Wednesday, March 20, 2013

The Hidden Price of Being Nice

Really, this is the hidden price of being evil, or being perceived to be evil, but nice rhymed so I went with that instead. I was discussing party reputation with Keir's player the other day, and I commented that evil parties tend to accumulate a LOT more gold than their good counterparts. This is simply a matter of essential nature; many evil characters won't work unless they feel they're getting something in return—or a lot in return, such as treasure.

Good parties tend to do things for much less money. They generally feel bad taking from people when the cause is right—or at least, they'd rather not bankrupt them or push their luck. Good adventurers do things to make the world a better place (usually) and that means they're often satisfied with much smaller stipends. Sometimes they do work for free, or for non-gold rewards (potions, spells, etc.) which evil parties are, for some reason, far less inclined to do.

It would seem, at surface glance, that evil parties therefore have a major benefit right out of the gate. After all, having an additional 10-50% in your coffers can make for a massive differential in power. However, this is only an apparent advantage. Good parties generate reputation very well for the most part, and people are generally willing to help them out out of a sense of duty, friendship, or kindness. Evil parties generate much less good will by that same nature. Evil NPCs are generally untrusting, requiring large fees to get into motion.

Now, that's not to say that good characters will never fleece each other, or that they can't be recalcitrant or grumpy. However, more people will be inclined to be nicer to a party with a good reputation (or a reputation for kind acts &etc).

This brought us to the following decision: there is an unseen differential that acts as a sort of hidden exchange rate during all transactions. This is the party reputation. While good parties may be shorter on gold, their reputation usually allows that gold to go farther. Thus, reputation can act as a modifier on the purchasing power of the coffers themselves.

Thus, let us say that The Silencers (an evil party) have 100,000gp in their party banks. They earned this through stealth, thievery, bribery, and outright murder. They are feared and hated, and some folks will refuse to even serve them (if they aren't so afraid of them that they do). We'll list their reputation as -50. The Hounds, however, have been extremely altruistic. They have managed to make 30,000gp but they are well-loved. We'll say their reputation is 50.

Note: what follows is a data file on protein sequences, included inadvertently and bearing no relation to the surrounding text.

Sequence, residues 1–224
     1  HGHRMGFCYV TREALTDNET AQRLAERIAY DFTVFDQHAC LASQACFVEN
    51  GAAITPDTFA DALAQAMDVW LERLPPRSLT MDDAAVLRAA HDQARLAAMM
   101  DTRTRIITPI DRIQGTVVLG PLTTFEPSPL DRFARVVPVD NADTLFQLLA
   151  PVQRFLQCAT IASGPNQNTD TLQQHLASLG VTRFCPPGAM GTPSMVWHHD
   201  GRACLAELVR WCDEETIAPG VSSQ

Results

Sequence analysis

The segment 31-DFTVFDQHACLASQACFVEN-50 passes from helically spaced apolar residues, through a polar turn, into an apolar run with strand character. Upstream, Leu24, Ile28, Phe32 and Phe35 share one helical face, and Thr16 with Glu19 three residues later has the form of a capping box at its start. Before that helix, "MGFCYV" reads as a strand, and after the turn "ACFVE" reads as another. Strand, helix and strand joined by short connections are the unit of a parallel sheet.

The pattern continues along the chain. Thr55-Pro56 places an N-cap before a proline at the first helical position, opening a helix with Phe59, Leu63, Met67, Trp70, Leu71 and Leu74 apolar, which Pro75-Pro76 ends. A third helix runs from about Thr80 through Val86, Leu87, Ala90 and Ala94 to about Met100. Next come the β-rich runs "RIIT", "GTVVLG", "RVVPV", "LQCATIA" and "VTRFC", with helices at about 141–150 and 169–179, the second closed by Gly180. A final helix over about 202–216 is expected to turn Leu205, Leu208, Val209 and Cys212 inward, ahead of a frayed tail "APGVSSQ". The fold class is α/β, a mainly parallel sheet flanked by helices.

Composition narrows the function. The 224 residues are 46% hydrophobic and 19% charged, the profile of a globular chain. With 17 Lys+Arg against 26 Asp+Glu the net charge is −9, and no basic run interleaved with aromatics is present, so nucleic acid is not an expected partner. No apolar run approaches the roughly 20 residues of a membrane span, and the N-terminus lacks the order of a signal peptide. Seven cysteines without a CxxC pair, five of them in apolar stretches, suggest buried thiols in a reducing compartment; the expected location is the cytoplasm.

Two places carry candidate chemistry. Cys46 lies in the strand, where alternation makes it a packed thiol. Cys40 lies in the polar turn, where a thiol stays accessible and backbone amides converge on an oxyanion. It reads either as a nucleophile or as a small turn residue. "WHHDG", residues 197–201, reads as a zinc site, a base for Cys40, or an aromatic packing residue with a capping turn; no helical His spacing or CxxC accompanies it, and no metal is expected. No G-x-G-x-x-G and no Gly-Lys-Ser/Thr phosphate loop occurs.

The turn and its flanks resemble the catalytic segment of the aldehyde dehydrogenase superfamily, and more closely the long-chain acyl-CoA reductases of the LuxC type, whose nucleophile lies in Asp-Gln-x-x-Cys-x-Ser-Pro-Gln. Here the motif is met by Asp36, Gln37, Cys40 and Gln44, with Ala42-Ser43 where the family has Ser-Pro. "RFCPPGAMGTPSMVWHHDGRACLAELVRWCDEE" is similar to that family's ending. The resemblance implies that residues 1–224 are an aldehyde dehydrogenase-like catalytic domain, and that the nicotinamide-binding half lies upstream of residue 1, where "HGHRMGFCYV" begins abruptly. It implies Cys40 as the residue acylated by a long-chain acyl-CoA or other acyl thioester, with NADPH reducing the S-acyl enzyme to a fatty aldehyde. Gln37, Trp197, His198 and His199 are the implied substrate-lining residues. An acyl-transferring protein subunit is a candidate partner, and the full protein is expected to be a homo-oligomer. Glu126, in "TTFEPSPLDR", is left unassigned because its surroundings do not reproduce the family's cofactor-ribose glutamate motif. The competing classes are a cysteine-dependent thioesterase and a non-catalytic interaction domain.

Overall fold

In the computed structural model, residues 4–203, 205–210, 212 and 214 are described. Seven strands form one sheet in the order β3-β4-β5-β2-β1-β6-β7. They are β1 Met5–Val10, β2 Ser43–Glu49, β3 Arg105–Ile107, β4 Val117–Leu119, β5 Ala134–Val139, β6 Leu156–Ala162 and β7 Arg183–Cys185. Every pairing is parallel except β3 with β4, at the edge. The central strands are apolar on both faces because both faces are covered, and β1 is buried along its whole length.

A sample transaction: The Silencers want to buy the services of a local wizard. The spell going rate is 10,000gp. When their reputation is applied, however, we must multiply the cost. -50 implies a 50% raise in price, leaving them with a 15,000gp spell. The same works in reverse for the Hounds; the spell costs them 5,000gp. This leaves a gap of 10,000gp between them, fully the entire original price of the spell. Thus, the Hounds have an adjusted bank of 60,000gp in this case, and can likely get other services completely for free.

Of course, this is a gross oversimplification. Positive relationships with one group imply negative relationships with another, as politics is almost always zero-sum. Evil groups will get in close with evil people, which will mitigate this effect. Yet, even so, evil NPCs are less likely to give away anything for free while the reverse is not true of good NPCs.

Thus, I would say that the two reach an unsteady balance—in theory. In practice, of course, the morass of variables means that every party interacts with the world in a completely unique way.

1 comment:

  1. I would argue in the long run, the good parties have the advantage. Evil groups have to spend increasing sums on defending and keeping their loot protected while good parties, with less potable wealth and more goodwill, find it much easier to watch over what they have.